Book: Symbiont

"Symbiont"

The enemy is inside us.

The end began in a thousand places at the same time, sending little cracks through the foundation of mankind’s casual dominion over the Earth. It was born of hubris, and it started slowly, only to gather in both speed and strength as the days went by.

The SymboGen tapeworms were created to relieve humanity of disease and sickness. But the implants in the majority of the world’s population began attacking their hosts, turning them into a ravenous horde.

Panic spreads as these predators begin to take over the streets, and those who do not appear afflicted are gathered for quarantine. In the chaos, Sal and her companions must discover how the tapeworms are taking over their hosts–and how they can be stopped.

After a long time of waiting for Symbiont to be released here in the Philippines… I finally decided to just have Fully Booked order it for me. And I don’t regret it.

Granted, the book took a wee bit too long for me to dive back into the action. Mostly, I think, because it’s been so long since I read the first book, but also because the sequel doesn’t dive back into action. And it’s something that the characters themselves point out in the book. There is a safety cocoon surrounding the characters in the first third of the book, and it made me feel like nothing was happening.

I mean, yes, I understood the need to lay down foreshadowing, and world-building, and mythology-building… but there was just no sense of urgency in the first third. It wasn’t until the second third of the book kicked off that I started to feel that something was happening.

There were times when I felt Symbiont lost the edge that made me intrigued in the world Mira Grant was building with her Parasitology series. But the way Grant handles her main character, Sal, makes me want to continue holding on. Not because I cared about her, but because I was curious to find out what exactly she is–and why she’s different.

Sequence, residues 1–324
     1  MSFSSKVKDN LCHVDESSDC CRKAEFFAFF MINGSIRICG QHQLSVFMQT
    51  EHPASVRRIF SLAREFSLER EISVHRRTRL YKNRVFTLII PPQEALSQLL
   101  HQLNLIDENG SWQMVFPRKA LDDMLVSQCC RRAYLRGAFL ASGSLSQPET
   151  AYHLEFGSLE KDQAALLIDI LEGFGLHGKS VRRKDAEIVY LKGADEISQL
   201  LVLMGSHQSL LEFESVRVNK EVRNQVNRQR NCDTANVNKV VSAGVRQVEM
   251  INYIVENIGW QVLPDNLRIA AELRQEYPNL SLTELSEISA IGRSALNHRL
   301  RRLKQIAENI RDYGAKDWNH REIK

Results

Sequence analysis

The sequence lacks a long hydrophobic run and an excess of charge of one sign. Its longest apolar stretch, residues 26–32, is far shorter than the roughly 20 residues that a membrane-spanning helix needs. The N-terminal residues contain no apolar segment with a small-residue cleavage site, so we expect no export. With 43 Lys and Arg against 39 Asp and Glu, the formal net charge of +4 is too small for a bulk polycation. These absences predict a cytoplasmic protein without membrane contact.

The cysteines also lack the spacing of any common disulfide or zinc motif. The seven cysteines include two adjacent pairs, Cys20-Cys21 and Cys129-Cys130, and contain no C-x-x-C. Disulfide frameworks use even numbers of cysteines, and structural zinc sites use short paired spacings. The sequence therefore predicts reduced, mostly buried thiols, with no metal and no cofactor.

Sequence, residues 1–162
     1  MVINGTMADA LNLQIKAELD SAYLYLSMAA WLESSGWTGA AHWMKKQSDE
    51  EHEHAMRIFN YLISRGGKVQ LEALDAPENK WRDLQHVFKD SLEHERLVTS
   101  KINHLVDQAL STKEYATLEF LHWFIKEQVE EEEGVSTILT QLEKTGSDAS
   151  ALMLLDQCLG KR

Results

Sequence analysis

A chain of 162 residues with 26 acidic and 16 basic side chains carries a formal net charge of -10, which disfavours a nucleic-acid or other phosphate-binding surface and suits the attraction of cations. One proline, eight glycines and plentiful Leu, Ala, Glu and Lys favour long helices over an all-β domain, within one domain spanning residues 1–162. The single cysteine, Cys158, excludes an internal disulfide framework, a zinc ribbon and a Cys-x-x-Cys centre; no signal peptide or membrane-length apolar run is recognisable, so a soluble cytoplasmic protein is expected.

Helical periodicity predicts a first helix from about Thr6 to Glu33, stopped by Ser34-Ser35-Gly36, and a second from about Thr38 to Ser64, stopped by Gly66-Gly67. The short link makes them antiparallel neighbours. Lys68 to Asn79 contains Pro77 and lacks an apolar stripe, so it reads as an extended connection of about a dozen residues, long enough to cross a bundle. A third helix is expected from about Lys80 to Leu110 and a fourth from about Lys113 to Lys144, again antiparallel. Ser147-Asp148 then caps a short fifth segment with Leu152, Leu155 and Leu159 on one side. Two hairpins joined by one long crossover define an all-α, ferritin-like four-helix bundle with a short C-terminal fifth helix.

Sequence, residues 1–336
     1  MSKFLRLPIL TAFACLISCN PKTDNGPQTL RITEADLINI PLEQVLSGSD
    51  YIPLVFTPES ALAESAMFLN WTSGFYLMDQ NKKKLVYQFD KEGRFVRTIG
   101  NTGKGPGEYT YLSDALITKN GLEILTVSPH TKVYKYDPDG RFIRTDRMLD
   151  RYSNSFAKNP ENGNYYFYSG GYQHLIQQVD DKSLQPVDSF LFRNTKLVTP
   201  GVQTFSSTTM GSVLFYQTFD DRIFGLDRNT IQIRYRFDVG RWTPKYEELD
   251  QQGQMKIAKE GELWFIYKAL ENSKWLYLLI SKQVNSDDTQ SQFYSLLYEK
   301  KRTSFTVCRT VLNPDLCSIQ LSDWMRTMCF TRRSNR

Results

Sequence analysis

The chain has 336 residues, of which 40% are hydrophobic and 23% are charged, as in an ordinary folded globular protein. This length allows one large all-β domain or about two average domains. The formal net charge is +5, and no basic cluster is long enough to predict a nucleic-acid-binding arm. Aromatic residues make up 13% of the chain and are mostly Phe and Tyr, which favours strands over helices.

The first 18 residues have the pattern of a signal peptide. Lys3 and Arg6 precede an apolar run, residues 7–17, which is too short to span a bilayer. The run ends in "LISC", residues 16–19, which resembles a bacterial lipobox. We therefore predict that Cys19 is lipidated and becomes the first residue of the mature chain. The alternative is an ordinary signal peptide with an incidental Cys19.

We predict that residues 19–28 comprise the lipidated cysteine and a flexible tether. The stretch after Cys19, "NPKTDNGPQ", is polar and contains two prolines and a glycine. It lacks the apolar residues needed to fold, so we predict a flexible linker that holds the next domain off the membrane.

Grant doesn’t have strong characters in this series, but their gray moralities make them interesting enough that you don’t want to leave them behind. And that’s what made me keep reading Symbiont during the times when I was starting to feel bored at the lack of anything happening.

Sure, I understand that events can’t happen in rapid-fire succession. Things breathe. Plans take time to be built. And I commend Grant for not losing hold of a logical timeline. Or, at least, one that’s logical in her world. But I really, really hope that the last book in the Parasitology series is better paced than Symbiont.

Right now, I’m not understanding the need to expand this duology into a trilogy. Even if I am glad I get to spend more time dissecting the motivations of Sal, her allies, and her enemies.

Don’t be a Peter Jackson or a Christopher Paolini, Ms. Grant. Do the right thing: tell the story the way you intended for it to be told originally. And don’t let your falling in love with the research pull you into writing more than what you had planned.

Because I cannot be the only one who thought that Symbiont was overlong and overwrought. Right? Let’s see what other people wrote about the book:
Smart Bitches, Trashy Books
The Discriminating Fangirl
Booking In Heels

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